What kind of testing are you doing when you're testing? Are you really unit testing when you say you are? Does it matter? Of course, sometimes all that matters is you're testing, but during those other times (say, when you're writing proposals, or trying to satisfy a clear and specific need) whereabouts you're testing, what outcomes you're testing, and why you're bothering, and how you're going about it... when all of these things do matter, then it can help to be more precise in your language.
A few months ago, a client asked me for some help, themselves learning how to test in the future. And so, with many thanks to the Drupal UK IRC channel and the wider network of Twitter for all of their efforts, we crowdsourced some descriptions of different testing strategies and motivations, and came up with a:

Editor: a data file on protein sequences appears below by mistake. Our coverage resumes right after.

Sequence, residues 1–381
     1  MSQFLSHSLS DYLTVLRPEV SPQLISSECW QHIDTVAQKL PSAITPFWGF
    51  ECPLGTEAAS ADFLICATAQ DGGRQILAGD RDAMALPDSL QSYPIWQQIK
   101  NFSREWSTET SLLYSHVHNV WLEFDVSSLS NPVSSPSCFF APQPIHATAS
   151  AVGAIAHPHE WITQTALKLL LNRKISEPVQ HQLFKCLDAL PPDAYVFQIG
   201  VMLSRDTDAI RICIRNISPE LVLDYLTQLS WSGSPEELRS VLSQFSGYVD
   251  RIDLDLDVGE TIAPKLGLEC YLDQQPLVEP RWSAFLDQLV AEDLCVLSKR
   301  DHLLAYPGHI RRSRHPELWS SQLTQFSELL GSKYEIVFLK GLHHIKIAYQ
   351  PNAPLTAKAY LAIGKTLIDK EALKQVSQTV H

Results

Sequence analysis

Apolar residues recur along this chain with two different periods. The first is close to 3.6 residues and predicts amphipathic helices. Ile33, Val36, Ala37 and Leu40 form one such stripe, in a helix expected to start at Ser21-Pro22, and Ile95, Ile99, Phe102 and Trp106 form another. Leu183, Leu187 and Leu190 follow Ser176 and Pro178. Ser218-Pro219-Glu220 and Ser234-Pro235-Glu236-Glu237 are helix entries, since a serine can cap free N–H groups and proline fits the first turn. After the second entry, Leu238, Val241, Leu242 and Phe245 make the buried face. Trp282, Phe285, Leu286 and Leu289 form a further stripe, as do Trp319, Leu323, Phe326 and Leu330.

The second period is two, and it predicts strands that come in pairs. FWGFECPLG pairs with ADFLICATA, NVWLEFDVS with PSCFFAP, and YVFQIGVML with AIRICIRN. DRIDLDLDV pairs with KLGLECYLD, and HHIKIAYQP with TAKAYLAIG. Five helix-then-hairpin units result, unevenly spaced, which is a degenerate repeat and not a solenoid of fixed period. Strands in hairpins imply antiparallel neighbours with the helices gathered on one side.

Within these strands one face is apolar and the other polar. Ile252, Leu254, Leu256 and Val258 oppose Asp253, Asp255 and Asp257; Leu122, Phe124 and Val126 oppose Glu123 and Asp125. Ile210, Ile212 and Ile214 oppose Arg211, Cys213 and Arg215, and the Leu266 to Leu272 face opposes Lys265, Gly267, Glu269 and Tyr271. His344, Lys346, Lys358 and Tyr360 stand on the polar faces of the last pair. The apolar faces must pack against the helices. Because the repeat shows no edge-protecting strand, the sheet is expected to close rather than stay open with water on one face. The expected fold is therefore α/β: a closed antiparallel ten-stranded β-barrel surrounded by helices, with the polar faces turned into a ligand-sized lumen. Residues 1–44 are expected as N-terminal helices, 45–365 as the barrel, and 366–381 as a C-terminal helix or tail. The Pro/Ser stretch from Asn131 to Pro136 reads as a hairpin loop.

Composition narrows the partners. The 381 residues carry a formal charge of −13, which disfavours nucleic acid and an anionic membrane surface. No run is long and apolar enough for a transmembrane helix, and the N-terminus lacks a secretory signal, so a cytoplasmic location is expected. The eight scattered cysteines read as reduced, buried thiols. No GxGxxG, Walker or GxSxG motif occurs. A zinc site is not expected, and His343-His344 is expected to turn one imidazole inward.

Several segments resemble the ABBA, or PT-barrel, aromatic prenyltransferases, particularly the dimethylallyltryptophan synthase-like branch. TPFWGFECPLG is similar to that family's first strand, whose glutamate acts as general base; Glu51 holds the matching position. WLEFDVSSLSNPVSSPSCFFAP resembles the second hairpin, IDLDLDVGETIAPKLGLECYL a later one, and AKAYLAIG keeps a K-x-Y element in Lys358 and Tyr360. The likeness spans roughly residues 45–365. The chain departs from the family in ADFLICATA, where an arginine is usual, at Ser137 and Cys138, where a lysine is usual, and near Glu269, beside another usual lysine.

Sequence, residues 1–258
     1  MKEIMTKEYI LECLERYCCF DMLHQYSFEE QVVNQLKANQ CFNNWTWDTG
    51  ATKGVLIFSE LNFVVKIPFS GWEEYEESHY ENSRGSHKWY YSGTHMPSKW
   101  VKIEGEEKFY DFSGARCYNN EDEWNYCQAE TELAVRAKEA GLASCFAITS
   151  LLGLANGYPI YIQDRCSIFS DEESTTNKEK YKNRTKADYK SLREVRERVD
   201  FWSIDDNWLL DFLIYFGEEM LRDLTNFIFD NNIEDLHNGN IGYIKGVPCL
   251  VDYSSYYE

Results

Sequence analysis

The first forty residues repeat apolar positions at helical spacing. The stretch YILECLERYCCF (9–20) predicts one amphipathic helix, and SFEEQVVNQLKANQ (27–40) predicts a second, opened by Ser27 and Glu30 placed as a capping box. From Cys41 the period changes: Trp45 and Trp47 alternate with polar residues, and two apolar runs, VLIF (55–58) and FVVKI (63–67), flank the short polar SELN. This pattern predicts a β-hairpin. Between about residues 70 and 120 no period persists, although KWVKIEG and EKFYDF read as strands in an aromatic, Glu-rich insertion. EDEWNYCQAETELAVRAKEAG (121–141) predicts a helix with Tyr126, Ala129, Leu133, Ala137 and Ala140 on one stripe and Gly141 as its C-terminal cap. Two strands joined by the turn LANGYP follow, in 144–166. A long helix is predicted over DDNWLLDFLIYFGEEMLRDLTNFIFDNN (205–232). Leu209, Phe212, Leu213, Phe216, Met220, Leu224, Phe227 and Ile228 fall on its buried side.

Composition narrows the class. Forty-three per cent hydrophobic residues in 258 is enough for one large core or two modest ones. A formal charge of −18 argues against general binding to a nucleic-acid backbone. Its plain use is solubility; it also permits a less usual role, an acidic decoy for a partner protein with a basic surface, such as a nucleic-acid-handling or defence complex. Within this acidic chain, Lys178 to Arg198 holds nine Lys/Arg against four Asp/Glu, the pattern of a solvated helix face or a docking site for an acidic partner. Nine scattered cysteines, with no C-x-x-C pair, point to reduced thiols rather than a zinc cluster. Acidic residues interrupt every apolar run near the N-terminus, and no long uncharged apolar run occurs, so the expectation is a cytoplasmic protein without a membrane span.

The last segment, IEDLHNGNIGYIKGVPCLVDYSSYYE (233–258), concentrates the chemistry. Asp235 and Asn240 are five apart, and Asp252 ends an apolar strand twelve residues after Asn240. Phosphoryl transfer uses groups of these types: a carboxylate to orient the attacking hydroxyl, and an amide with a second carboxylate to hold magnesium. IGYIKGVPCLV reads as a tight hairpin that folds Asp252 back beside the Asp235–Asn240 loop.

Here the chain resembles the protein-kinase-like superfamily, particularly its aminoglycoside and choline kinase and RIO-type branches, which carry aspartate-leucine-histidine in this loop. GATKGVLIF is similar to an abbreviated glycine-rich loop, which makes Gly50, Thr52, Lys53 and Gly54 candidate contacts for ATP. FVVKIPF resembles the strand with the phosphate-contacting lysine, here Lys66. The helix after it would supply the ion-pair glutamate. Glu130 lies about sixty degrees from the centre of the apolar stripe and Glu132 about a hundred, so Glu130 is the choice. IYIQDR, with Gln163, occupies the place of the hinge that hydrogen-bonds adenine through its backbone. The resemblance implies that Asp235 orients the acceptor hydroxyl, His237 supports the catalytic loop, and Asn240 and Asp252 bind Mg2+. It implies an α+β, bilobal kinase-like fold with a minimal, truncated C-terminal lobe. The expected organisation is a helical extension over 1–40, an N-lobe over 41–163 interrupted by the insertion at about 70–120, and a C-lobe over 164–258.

It's not a definitive resource, intended to win arguments: but it helps as a mind-clearer, I think. It can help stop you—well, me—from calling everything "unit testing" except when it's obviously "behavioural testing." And then (in my case) getting the reason it's called "behavioural" testing wrong all the same.
Feedback welcome, of course. It would be good if the menagerie could both respect authorities (why different testing strategies were called that in the first place) and also demotic usage (what people actually call things in their day-to-day development.) Unless you're still calling everything "unit testing," obviously. That would make for a short document!